The launch of Youth Mental Health First Aid coincides with the Born Brave Bus Tour hosted by Lady Gaga and her mother Cynthia Germanotta’s Born This Way Foundation. The National Council is a partner on the bus tour which is comprised of interactive “tailgate” events in the 27 U.S. cities of Lady Gaga’s Born This Way Ball tour, during which young people will meet to share stories of bravery and empowerment. Mental health professionals will be onsite to raise awareness of mental health and connect young people in need of support to local resources. Following the bus tour, the National Council and the Born This Way Foundation will offer Mental Health First Aid trainings in communities across the U.S.
The National Council for Behavioral Health seeks to make Youth Mental Health First Aid available in every one of 4,197 colleges and 13,809 school districts in the U.S.
Mental Health First Aid in Congress
There is growing support in the U.S. Congress for widespread adult and youth Mental Health First Aid training.
The Mental Health First Aid Higher Education Act (S. 3325/H.R. 5996), introduced with bipartisan support in the 112th Congress in 2012, authorizes a 5-year demonstration program to fund Mental Health First Aid training programs at institutions of higher education to give campus faculty, staff, and student leaders the training and skills they need to help someone experiencing a mental health condition. The act will be reintroduced — with broadened scope — in the 113th Congress in 2013 by its congressional champions and will need your support to go through the legislative process and become law.
On January 9, 2013, National Council President and CEO Linda Rosenberg met with Vice President Joe Biden’s task force on gun control legislation to request support for a legislative agenda that will dramatically increase access to mental health services in the United States.
Rosenberg urged the task force to take action to increase our nation’s ability to provide timely, high-quality mental health and addictions services to individuals in need by expanding opportunities for public education about mental illness and increasing the behavioral health system’s capacity to serve people desperately needing care. She urged support to allow Mental Health First Aid to be offered in every school district and college campus across the U.S.
Sens. Debbie Stabenow (D-MI) and Jack Reed (D-RI) and Reps. Ron Barber (D-AZ) and Doris Matsui (D-CA) sent letters to Vice President Biden asking his task force on gun control legislation to advance programs like Mental Health First Aid. “I urge you to endorse common-sense, bipartisan proposals like the Mental Health First Aid Act. We have failed to give the mental health care needs of Americans due attention for too long — and we have paid too high a price for this neglect,” said Rep. Ron Barber (D-AZ), who survived the Tucson shooting last year that severely injured Rep. Gabrielle Giffords, in his letter to Vice President Biden.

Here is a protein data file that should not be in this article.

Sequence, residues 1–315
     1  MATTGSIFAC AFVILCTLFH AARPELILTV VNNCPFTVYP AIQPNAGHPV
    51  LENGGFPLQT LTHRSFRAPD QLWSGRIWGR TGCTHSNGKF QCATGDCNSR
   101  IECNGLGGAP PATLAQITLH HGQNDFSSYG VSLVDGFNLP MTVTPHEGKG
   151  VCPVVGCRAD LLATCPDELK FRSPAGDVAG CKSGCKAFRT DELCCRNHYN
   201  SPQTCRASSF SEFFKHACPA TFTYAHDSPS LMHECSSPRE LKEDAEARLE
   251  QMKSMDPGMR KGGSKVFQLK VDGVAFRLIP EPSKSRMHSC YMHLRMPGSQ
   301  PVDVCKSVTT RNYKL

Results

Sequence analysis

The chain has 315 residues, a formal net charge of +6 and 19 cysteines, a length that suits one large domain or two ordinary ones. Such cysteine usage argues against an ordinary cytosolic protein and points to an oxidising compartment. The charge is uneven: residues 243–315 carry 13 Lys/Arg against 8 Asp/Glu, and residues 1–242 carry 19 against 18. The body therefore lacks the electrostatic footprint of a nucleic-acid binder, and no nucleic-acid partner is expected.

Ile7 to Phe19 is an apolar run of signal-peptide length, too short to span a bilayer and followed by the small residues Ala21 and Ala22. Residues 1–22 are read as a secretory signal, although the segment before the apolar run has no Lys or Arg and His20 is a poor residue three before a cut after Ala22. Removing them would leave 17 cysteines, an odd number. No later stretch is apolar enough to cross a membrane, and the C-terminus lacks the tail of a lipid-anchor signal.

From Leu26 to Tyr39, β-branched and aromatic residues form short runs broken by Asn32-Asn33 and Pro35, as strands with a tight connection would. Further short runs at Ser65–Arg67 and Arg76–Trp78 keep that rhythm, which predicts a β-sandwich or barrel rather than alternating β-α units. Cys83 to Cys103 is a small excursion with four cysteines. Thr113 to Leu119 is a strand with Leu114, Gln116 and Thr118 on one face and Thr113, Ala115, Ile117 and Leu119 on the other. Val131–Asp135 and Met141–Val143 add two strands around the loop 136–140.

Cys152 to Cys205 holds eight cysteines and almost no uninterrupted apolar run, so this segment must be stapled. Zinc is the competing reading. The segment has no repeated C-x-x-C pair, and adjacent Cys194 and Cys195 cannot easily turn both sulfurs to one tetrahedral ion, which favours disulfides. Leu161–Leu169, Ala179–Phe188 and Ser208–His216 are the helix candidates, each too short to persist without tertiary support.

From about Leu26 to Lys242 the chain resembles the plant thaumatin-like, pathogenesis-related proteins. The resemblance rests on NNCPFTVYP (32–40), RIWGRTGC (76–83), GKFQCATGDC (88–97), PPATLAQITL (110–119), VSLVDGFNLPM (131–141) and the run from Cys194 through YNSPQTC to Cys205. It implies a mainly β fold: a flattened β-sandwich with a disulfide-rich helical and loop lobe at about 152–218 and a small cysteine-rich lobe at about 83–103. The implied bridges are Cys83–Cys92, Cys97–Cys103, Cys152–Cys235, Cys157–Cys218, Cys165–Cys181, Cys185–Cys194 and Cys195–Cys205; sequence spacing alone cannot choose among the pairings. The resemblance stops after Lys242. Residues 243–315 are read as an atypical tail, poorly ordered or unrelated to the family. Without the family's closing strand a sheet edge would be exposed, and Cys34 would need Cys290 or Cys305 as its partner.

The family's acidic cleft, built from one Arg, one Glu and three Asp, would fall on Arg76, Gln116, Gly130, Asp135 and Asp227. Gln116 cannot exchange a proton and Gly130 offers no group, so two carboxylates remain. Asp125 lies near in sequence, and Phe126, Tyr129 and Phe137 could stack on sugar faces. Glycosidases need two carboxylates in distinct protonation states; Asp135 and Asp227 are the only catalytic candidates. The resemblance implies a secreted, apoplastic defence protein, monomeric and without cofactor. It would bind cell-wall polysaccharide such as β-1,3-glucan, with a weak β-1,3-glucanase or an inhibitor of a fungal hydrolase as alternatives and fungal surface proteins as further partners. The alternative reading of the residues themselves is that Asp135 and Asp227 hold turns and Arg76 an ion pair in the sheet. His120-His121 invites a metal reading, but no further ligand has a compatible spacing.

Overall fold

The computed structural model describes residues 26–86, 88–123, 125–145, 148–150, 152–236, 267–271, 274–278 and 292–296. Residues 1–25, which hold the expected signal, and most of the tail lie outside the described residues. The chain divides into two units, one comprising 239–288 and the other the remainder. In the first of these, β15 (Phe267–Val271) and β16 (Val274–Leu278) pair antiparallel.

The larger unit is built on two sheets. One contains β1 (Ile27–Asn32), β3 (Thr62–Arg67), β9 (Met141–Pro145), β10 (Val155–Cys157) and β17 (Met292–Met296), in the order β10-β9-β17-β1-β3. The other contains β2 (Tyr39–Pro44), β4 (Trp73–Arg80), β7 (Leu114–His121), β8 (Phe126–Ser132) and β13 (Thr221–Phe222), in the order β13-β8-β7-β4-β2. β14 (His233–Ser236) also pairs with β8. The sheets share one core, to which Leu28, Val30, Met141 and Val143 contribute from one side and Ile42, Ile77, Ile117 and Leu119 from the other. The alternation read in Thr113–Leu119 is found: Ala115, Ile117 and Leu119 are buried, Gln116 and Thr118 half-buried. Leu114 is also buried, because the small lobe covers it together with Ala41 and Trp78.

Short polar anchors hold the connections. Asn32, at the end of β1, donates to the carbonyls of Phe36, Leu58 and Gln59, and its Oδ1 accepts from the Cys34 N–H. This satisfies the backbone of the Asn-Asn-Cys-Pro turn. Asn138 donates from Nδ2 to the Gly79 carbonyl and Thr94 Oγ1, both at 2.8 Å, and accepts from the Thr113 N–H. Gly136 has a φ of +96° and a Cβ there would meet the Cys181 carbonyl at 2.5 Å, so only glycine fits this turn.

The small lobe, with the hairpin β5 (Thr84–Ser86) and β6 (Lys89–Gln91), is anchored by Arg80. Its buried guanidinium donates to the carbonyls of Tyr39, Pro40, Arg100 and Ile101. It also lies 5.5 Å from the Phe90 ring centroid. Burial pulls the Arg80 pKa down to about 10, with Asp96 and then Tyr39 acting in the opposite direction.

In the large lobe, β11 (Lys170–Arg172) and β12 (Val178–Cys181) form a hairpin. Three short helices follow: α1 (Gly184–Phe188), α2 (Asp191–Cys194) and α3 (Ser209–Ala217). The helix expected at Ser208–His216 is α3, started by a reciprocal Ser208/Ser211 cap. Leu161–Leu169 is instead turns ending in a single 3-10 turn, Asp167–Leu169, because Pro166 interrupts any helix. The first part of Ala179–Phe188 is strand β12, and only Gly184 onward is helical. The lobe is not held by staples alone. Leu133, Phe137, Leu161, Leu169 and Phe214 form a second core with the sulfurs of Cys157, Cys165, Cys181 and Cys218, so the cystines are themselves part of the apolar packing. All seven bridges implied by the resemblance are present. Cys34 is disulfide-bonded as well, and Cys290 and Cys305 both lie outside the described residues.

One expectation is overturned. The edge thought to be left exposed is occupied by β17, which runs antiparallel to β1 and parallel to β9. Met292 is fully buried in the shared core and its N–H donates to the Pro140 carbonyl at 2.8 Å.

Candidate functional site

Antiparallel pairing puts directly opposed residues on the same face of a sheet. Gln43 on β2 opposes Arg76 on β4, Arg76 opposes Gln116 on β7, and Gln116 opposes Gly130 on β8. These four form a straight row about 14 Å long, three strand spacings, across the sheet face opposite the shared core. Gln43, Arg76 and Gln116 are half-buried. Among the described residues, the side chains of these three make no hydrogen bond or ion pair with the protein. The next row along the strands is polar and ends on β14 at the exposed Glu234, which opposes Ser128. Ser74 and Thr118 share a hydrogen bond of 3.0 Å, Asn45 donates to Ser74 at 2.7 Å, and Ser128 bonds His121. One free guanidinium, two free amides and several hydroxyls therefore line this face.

U.S. Rep. Ron Barber Forms Task Force to Provide Advice on Mental Health Issues
The congressman today also asked Vice President Joseph Biden to incorporate the Mental Health First Aid Act into recommendations that the task force he leads will make to Congress on how to reduce violence associated with guns. “Untreated or undiagnosed serious mental illness has been an underlying cause in a number of mass shootings,” Barber said today. “As we work to prevent gun violence, we also must take steps to identify and treat mental illness.” Barber also noted, “We need to be clear that more than 95 percent of people with a mental illness never commit an act of violence.”
Mental Health First Aid In the News
A sampling of the prolific daily news coverage on Mental Health First Aid through the years:
Philadelphia Inquirer: Mental Health’s Great Gray Area
One of the most promising is called mental health first aid…Philadelphia's program is perhaps the most audacious in the country, with a target of training 10 percent of the city's population, including teachers, first responders, parents, and others. So far, the enthusiastic public response has shown a thirst for this kind of information.
Sacramento Bee: Viewpoints, Shooters have mental health issues that need 'first aid'
One facet of the solution is social capital; the connections we have to one another, our ability to seek and receive support from others. It's this social capital that could very well be the most important weapon we have against preventing rampaging violence in our schools…If a mental health emergency were to occur, would a teacher, parent, police or pastor's congregation have the knowledge to provide support, the social capital required?...A popular course that renders such training is "mental health first aid."
Governing Magazine: Governments Discover Need for Mental Health First Aid
In at least 22 states, state or local governments supported the program, usually paying for employees to take the course. Several states -- including Arizona, Colorado, Georgia, Maryland and Missouri -- already have statewide programs, which require some public workers and citizens to complete training as part of their job.
NPR Talk of the Nation: A First Aid Kit for Mental Health Emergencies
Many people know how to respond when colleagues hurt themselves, or are felled by heart attack or stroke. But few know what to do in a psychiatric crisis. The Mental Health First Aid program aims to teach people to respond to psychiatric emergencies, from anxiety to eating disorders to psychosis.
NPR Morning Edition: Mental Health First Aid, How to Help in an Emotional Crisis